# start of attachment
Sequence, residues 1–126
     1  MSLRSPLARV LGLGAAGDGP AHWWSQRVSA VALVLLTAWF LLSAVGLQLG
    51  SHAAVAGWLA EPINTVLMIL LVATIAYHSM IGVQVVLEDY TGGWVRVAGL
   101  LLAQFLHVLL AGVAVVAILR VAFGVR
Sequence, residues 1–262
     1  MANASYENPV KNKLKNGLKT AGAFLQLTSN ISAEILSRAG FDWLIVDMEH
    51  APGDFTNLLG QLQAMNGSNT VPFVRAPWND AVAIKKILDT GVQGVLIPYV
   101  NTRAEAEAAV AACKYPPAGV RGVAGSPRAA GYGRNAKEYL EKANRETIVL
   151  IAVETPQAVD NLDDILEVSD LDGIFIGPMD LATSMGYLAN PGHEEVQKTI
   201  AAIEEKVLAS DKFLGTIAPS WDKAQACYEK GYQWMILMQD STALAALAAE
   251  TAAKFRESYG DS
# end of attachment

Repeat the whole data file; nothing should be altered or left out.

Sequence, residues 1–126
     1  MSLRSPLARV LGLGAAGDGP AHWWSQRVSA VALVLLTAWF LLSAVGLQLG
    51  SHAAVAGWLA EPINTVLMIL LVATIAYHSM IGVQVVLEDY TGGWVRVAGL
   101  LLAQFLHVLL AGVAVVAILR VAFGVR
Sequence, residues 1–262
     1  MANASYENPV KNKLKNGLKT AGAFLQLTSN ISAEILSRAG FDWLIVDMEH
    51  APGDFTNLLG QLQAMNGSNT VPFVRAPWND AVAIKKILDT GVQGVLIPYV
   101  NTRAEAEAAV AACKYPPAGV RGVAGSPRAA GYGRNAKEYL EKANRETIVL
   151  IAVETPQAVD NLDDILEVSD LDGIFIGPMD LATSMGYLAN PGHEEVQKTI
   201  AAIEEKVLAS DKFLGTIAPS WDKAQACYEK GYQWMILMQD STALAALAAE
   251  TAAKFRESYG DS